Data were analyzed using mixed linear models in SAS (Version 9.4; SAS Institute Inc., Cary, NC, USA). Fixed effects included sex (bull or heifer), treatment (PNS or CON), and the interaction of the two variables. Prior to statistical analysis, outliers were removed if two or more standard deviations from the mean for each response variable. Outliers for intrinsic (relative to CS) CCO activity included one CON heifer, one PNS heifer, and one PNS bull. There was one PNS heifer outlier for CK activity and one CON bull outlier for GPx activity. There were no outliers for any of the other measurements. The results are presented as estimates of least squares means ± SEM. Significance was declared at a p-value ≤ 0.05, and trends were declared when 0.05 < p < 0.10.
Serum CK and cortisol were similar among all cattle regardless of sex, treatment, or the interaction of sex and treatment (Table 2).
Table 2 Longissimus thoracis malondialdehyde (MDA) concentrations and superoxide dismutase (SOD), glutathione peroxidase (GPx), citrate synthase (CS), and cytochrome c oxidase (CCO) activities, and serum cortisol concentration and creatine kinase (CK) activity of prenatally stressed (PNS) Brahman bull (n = 8) and heifer (n = 6) yearling calves and control (CON) bull (n = 4) and heifer (n = 6) calves.
Skeletal muscle CS, CCO, SOD, and GPx activities and MDA concentrations did not differ by sex, treatment, or the sex × treatment interaction (Table 2).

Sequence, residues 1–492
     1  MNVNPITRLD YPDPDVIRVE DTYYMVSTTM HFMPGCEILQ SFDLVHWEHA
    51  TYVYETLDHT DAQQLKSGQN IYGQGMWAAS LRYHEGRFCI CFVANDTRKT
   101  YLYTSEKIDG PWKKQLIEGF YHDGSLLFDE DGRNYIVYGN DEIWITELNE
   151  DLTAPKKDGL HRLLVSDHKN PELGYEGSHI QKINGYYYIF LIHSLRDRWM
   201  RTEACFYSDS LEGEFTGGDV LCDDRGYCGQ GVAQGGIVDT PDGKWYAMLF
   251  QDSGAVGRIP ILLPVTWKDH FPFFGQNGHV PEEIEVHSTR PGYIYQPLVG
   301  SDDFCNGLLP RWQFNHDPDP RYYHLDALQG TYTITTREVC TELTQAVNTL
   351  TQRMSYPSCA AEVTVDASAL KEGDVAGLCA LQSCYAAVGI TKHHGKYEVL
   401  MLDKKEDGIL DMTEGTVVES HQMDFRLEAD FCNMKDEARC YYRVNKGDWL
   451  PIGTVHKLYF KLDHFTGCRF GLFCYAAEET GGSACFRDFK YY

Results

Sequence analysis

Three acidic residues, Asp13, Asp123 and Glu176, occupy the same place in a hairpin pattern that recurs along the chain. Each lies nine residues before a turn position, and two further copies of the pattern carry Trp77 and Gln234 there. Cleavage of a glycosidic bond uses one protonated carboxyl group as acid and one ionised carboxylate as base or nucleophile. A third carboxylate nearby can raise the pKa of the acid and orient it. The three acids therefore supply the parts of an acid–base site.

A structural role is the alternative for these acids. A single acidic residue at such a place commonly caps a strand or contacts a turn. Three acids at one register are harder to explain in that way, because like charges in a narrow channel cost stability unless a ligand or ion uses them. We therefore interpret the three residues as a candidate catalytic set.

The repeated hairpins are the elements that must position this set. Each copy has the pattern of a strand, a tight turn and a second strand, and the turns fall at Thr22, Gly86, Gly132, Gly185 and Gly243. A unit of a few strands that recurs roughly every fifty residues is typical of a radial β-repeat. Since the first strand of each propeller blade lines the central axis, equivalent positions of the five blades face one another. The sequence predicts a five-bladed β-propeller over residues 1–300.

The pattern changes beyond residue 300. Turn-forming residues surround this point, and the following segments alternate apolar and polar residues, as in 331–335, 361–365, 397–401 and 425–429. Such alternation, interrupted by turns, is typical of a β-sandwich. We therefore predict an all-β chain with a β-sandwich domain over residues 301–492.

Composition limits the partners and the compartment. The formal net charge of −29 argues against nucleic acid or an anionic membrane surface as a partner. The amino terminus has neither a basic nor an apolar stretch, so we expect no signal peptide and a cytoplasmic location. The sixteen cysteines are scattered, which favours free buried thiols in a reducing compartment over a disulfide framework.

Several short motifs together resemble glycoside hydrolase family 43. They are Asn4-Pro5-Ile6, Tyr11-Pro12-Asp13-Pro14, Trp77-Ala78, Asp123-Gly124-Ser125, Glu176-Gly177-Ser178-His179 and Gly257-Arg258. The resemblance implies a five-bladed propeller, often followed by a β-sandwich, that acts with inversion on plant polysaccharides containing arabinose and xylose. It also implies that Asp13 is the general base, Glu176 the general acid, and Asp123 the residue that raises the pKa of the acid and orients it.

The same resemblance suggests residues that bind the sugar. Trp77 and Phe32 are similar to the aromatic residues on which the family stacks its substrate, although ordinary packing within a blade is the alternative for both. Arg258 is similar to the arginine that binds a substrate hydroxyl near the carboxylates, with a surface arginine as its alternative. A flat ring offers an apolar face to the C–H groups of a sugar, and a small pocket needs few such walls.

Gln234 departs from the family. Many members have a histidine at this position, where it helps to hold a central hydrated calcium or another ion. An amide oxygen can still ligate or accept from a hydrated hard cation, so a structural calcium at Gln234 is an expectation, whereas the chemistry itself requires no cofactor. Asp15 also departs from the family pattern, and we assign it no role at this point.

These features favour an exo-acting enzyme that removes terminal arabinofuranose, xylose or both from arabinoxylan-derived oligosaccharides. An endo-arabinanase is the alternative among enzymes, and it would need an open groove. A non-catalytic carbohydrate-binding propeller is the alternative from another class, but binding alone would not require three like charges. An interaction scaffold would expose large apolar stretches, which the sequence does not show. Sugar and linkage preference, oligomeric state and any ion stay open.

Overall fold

Two converging lines of evidence from our group catalyzed the present inquiry regarding the potential effects of prenatal transportation stress on bovine skeletal muscle mitochondria. We previously reported that temperament affected muscle mitochondrial energetics (Owen et al., 2020), and we identified methylomic and phenotypic differences related to temperament and metabolic hormones in PNS calves (Littlejohn et al., 2018; Littlejohn et al., 2020). Studies in mice and rats have identified that multiple forms of psychosocial stress, such as noise exposure, cage overcrowding, and acute or chronic restraint, induce mitochondrial adaptation within different tissues (Picard and McEwen, 2018b). Notably, the transportation of livestock involves all of the aforementioned forms of stress. Mitochondria are key regulators of stress; systemic stress mediators trigger mitochondrial structural and functional changes that may eventually damage mitochondrial DNA and impair energy production. This leads to the production of mitochondrial signals (mitokines), which can influence the cumulative cellular and systemic stress load, or allostatic load, in multiple ways (for a full review, see Picard and McEwen, 2018a). Thus, the mitochondria of animals exposed to transportation stress in utero may undergo adaptations to modulate the stress response and, consequently, have altered energetic requirements. However, the effects of prenatal transportation stress on skeletal muscle mitochondria and oxidative stress had not been evaluated. Contrary to our hypothesis, in the current study, PNS calves showed no differences in mitochondrial volume density or function compared with CON calves as yearlings. Additionally, calf muscle antioxidant activities (i.e., SOD and GPx) and lipid peroxidation (i.e., MDA concentration), myofiber perturbation (i.e., serum CK activity), and serum cortisol concentration were unaffected by transportation stress in utero. The results suggest that prenatal transportation stress did not negatively impact skeletal muscle in yearling Brahman calves that were maintained in unstressed physiological and environmental conditions.